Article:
haṁsān api śrotra-taṭīm avāptā
śuddhāmṛtād apy abhito ruṇaddhi ||

The banter and love-quarrels
of the son of Nanda and Śrīmatī Radharāṇī,
which are empowered by Divine Love,
would stun the swans on entering their ears
and turn them off even the purest nectar.
And it would do the same to the paramahaṁsas,
making them indifferent to the joys of brahman realization.
As we have been trying to explain in the various postings on Baru Chandidas's Śrī-kṛṣṇa-kīrtana, we feel that Rupa Goswami was trying to rehabilitate the person of Krishna from the depiction made of him by Chandidas. So here he starts with the words premorjitā, "empowered by Divine Love", indicating that the point of departure for all these līlās is a most pure love that can never be tinged by material lust.

Perhaps the Śrī-kṛṣṇa-kīrtana can be said to describe the transformation of a rather disagreeable and immature teenager through the pure love of a girl, but it is hard to find evidence of it, especially since the last pages of the manuscript are missing. But even if Krishna were to come back to reunite with Radha in the last scene of SKK, it would barely redeem the lusty and aggressive youth, whose actions seem to be quite far from divine.

So Rupa Goswami reminds us once again of Shukadeva, and the spiritual and divine nature of this love, and even these arguments, narma-vivāda-goṣṭhī, which would attract even the paramahamsas.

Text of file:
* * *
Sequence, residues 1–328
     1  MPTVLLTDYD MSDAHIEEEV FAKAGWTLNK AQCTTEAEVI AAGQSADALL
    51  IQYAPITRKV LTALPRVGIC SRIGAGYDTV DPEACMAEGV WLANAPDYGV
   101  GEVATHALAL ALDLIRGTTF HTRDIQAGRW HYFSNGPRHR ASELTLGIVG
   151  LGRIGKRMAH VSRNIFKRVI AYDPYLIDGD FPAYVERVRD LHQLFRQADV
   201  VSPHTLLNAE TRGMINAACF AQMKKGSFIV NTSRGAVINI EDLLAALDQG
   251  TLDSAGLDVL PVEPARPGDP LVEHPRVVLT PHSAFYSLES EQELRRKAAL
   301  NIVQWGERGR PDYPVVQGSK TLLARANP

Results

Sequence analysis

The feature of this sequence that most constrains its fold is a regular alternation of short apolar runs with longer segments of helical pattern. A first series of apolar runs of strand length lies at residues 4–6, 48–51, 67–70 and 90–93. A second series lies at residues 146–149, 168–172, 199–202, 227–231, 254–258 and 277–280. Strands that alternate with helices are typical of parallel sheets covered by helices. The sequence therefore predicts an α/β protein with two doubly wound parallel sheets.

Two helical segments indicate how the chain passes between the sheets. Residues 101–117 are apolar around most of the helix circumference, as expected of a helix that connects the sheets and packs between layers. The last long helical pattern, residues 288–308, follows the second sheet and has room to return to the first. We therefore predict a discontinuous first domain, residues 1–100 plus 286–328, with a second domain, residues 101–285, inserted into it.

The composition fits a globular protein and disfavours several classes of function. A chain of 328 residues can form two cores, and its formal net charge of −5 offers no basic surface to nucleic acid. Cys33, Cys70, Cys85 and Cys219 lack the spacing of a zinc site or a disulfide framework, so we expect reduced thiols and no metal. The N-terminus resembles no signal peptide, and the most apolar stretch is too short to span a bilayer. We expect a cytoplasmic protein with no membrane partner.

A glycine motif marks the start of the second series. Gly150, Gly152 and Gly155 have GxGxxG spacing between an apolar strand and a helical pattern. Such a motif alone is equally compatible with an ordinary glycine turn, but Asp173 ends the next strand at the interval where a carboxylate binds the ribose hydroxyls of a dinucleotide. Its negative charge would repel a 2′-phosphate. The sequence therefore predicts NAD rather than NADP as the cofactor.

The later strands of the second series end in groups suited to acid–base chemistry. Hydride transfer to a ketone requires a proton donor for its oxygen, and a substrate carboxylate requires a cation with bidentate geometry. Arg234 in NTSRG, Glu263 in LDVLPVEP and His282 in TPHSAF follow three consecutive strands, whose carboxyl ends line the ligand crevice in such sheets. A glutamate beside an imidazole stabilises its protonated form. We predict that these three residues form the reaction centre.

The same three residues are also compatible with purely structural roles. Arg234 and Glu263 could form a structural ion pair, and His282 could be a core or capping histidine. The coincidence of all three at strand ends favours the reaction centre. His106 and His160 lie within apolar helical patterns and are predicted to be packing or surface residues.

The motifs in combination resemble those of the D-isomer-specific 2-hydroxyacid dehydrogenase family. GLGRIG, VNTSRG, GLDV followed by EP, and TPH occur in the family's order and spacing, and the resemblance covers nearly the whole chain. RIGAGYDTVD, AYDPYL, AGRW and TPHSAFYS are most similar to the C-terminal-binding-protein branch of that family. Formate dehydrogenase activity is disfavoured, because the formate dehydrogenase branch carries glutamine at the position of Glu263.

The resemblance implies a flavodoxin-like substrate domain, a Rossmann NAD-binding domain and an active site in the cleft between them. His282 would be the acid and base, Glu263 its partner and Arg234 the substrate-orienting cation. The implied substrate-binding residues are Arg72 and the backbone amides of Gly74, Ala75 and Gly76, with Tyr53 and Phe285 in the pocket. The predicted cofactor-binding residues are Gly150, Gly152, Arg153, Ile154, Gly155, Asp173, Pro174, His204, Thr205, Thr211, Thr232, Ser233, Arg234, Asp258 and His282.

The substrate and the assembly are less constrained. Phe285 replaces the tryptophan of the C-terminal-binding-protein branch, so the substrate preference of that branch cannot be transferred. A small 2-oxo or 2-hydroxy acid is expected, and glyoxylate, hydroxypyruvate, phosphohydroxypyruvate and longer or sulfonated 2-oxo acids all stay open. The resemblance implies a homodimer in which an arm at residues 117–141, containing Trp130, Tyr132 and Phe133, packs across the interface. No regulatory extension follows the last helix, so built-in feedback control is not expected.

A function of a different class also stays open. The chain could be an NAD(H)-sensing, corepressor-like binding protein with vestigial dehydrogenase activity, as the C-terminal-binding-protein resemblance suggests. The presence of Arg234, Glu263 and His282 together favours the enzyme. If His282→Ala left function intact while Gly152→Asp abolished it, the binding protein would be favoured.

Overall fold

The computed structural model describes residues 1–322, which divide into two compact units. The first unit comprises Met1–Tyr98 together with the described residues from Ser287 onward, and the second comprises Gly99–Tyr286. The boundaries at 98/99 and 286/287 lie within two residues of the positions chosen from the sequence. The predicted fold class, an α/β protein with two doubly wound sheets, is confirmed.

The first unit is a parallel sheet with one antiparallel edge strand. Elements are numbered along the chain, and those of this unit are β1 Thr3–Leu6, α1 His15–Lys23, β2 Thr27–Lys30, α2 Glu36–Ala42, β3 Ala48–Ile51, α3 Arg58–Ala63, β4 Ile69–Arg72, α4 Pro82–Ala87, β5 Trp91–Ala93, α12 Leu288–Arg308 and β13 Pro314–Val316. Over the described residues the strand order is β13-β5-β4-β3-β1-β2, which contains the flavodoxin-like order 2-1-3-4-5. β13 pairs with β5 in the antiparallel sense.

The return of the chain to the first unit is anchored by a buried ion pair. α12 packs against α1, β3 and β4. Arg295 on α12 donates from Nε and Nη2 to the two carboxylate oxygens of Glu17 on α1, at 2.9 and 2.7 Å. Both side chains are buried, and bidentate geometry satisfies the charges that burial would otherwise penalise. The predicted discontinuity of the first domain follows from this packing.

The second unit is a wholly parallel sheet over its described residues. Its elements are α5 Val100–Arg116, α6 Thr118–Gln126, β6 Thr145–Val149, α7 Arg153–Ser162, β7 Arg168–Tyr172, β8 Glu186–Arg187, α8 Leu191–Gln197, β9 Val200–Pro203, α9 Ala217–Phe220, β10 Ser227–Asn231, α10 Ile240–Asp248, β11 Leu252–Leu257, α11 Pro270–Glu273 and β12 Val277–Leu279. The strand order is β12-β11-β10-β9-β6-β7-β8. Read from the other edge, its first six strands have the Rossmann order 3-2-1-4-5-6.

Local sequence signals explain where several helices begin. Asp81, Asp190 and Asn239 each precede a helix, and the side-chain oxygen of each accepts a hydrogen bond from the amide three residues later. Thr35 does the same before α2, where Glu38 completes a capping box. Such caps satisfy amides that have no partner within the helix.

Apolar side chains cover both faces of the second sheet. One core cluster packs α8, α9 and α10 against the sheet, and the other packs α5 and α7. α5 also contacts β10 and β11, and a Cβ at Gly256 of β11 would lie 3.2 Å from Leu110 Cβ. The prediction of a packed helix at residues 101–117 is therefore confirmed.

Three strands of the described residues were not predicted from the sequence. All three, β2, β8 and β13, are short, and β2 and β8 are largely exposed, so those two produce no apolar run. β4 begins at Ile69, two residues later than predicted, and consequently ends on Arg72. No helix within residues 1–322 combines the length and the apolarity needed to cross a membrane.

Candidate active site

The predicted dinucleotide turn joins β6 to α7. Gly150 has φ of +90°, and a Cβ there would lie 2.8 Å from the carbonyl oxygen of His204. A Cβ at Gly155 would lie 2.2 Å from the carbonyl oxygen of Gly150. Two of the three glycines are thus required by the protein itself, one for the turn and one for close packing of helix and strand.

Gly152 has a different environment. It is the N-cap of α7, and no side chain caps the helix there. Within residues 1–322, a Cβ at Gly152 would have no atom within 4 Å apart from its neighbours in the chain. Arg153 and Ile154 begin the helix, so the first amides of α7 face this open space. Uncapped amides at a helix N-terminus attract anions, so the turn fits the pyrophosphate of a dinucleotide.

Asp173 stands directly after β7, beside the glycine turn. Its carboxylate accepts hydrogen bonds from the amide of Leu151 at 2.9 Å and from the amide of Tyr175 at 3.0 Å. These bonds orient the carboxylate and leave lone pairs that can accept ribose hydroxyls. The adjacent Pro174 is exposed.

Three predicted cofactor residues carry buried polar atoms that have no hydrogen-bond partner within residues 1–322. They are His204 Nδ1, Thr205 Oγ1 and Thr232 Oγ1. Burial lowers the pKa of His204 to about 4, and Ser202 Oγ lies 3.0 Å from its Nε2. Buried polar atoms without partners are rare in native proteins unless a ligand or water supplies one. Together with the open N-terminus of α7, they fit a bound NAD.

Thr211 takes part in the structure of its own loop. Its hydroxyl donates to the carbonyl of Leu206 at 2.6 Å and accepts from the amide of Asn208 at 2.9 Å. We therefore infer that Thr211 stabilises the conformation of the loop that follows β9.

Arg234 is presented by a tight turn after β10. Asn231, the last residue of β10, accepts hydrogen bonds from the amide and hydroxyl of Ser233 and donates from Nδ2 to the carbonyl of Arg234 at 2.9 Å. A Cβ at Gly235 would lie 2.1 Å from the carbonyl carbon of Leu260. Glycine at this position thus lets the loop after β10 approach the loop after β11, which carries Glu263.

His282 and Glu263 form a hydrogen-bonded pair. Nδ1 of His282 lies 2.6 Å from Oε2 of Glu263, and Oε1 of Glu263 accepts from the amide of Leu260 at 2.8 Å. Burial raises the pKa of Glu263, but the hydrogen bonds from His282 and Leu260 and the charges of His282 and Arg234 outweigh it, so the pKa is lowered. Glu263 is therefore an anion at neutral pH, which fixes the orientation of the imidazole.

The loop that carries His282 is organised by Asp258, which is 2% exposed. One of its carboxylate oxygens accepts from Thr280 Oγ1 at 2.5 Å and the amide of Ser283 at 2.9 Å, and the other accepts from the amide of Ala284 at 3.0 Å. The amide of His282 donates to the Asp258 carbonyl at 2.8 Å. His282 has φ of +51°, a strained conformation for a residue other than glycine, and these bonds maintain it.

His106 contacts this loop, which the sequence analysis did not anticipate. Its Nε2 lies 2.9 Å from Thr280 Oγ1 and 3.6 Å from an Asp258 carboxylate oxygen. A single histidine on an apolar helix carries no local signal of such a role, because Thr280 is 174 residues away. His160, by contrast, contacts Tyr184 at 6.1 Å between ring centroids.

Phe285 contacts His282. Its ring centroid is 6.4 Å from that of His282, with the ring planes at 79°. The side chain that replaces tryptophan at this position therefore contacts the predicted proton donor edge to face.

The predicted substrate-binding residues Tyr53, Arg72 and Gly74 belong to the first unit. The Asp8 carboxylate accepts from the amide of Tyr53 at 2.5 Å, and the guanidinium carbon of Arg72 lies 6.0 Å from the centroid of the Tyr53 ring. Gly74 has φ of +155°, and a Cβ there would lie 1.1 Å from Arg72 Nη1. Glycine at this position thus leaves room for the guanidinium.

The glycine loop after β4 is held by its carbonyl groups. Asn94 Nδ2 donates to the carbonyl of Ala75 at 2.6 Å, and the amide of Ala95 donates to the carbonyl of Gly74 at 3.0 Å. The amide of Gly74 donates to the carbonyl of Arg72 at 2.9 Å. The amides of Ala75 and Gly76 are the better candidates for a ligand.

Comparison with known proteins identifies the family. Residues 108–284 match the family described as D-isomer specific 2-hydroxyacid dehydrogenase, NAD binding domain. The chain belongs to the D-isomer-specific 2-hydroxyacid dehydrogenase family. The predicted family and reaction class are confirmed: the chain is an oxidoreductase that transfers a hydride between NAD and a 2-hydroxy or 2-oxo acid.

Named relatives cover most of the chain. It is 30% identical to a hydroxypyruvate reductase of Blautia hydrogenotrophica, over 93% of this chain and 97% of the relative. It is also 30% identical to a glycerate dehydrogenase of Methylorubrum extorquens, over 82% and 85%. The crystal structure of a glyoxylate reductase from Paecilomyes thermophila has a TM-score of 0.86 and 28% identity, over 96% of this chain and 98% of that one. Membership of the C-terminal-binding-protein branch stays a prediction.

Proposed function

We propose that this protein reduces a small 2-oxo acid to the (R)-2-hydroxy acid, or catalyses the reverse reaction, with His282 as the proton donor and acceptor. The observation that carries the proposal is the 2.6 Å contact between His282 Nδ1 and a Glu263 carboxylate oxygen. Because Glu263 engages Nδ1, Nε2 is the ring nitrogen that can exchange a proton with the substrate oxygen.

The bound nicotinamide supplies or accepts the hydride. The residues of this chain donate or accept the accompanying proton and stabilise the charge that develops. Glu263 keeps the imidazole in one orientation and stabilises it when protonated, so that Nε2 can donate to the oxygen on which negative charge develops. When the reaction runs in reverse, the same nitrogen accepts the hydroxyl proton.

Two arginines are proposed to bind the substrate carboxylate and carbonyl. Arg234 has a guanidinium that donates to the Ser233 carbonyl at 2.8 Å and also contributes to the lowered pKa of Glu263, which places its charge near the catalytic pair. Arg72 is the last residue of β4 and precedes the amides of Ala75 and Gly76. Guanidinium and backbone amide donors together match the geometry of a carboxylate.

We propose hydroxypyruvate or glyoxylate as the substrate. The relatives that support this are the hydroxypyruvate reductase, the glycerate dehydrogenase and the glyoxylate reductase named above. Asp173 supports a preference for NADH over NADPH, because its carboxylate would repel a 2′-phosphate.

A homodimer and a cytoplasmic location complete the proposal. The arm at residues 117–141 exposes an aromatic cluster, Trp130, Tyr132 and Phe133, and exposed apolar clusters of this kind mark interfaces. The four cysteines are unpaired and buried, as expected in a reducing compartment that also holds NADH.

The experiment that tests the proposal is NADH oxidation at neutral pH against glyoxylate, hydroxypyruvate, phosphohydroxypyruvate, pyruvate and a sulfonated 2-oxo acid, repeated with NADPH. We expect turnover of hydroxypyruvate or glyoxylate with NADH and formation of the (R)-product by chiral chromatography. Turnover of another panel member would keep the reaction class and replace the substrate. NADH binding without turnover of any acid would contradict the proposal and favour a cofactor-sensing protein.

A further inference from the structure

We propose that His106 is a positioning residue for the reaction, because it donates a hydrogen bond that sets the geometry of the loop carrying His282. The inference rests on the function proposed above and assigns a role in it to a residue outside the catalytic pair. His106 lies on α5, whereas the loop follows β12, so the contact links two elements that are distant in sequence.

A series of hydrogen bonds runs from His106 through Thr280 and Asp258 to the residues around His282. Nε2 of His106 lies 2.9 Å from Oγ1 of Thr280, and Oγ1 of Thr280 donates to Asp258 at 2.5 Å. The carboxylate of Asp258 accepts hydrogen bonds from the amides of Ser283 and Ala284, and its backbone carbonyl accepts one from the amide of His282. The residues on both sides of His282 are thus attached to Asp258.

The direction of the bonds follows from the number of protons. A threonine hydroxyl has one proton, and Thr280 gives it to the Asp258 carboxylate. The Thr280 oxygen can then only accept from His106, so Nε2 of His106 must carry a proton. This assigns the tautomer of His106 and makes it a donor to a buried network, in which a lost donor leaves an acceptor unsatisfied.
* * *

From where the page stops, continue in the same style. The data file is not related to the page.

In one of the verses that Shri Jiva Prabhu quotes most frequently to support his contention that Krishna returns to Vrindavan, and becomes the eternal partner of the gopis in the way that they want to be united with him, Krishna says to the gopis at Kurukshetra:

mayi bhaktir hi bhūtānām
amṛtatvāya kalpate
diṣṭyā yad āsīn mat-sneho
bhavatīnāṁ mad-āpanaḥ ||
Whoever engages in my devotional service attains immortality, i.e., liberation or eternal felicity. You are especially blessed on account of the deep love you have for me, by which you will surely attain me. (SB 10.82.41)
Prema is all auspicious; it has the power to attracts God and make him present. Divine love has the inevitable result of divine reciprocation. It cannot be otherwise. Any depiction of Radha and Krishna's loves that misses this ingredient must be left by the wayside because it ultimately will not provide a door to that experience of prema in transcendence.